Support services group Alfred McAlpine has revealed it aims to cash in on the huge task of fixing the country's leaking water pipes.
The company revealed the hope as it announced a six per cent rise in pre-tax profits to £16.8 million during the first six months of the year.
Water companies, including Thames Water, Severn Trent and Northumbrian Water, already outsourcing work to McAlpine as part of their response to industry-wide calls from the regulator Ofwat to tackle leakages.
Last month Ofwat chose not to fine Thames Water for failing to hit leakage targets, but ordered it to spend an extra £150 million to replace pipes.
Chief executive Ian Grice said yesterday he hoped McAlpine could pick up some of the additional work.
The company also reported it had secured more than £150 million worth of new business since the start of the second half of the year.
The work includes an £8 million contract to build a new bridge linking Dartford with the new Thames side Crossways Business Park and a £18 million deal to improve junction 14 of the M1 near Milton Keynes.
Mr Grice said: "The strength of our order book, the recovery in utility spending and our healthy pipeline of opportunities across the business, give us confidence we will achieve the cash-backed double digit growth that we have targeted for the full year."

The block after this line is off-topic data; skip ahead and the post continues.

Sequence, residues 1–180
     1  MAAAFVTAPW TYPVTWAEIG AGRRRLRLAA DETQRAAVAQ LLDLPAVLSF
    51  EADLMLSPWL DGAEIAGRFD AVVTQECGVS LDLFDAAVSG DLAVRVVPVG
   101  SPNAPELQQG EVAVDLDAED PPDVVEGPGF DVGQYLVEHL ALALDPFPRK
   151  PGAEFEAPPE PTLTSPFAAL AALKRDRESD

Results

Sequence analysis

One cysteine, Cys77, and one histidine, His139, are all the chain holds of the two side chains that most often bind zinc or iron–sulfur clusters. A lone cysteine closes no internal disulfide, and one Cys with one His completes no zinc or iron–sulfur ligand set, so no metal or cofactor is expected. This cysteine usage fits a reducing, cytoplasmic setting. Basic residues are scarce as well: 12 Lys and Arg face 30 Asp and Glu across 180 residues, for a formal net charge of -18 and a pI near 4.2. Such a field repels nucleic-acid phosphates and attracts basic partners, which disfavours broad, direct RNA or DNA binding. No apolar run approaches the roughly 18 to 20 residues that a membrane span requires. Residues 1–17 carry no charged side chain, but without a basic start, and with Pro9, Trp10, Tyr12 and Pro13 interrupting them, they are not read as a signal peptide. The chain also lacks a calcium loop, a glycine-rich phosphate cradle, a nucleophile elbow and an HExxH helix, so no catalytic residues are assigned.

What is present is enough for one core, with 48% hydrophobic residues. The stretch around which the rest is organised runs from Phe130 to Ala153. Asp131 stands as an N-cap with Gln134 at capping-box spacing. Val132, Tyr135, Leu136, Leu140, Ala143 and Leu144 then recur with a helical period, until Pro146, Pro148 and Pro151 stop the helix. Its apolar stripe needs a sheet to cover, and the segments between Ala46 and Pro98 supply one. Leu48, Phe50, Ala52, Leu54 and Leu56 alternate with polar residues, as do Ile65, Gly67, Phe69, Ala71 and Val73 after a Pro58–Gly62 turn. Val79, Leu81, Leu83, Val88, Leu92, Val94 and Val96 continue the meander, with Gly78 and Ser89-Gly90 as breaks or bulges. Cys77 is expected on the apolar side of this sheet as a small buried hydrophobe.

In the first half, the company renewed a major contract with energy business Eon's distribution arm, Central Networks.
The contract - over four years with provision for a five year extension - is valued at more than £20 million a year.
It covers areas including design, project management and the delivery of cable, overhead line and sub-station networks across the Midlands and will also support Eon UK's Energy Services business.
McAlpine is also part the consortium behind the £30 million revamp of Baskerville House in Birmingham's city centre.
Shares in McAlpine lifted 9 1/2p to 472 1/2p after the company also announced a ten per cent increase in the interim dividend to 6p.
The group's pretax profit for the six months to the end of June, of £16.8 million, was up from £15.9 million in the prior year. It came on revenues of £541.8 million, up from £474.4 million.
At the end of the half-year the group's order book stood at £3.7 billion.
Mr Grice said the strong first half results reflected the strength of the group's markets.
They were being driven by the continuing trend to outsource the maintenance and management of buildings and by the high levels of investment required to maintain and renew the UK's health, leisure and education facilities and its transport and utility infrastructures.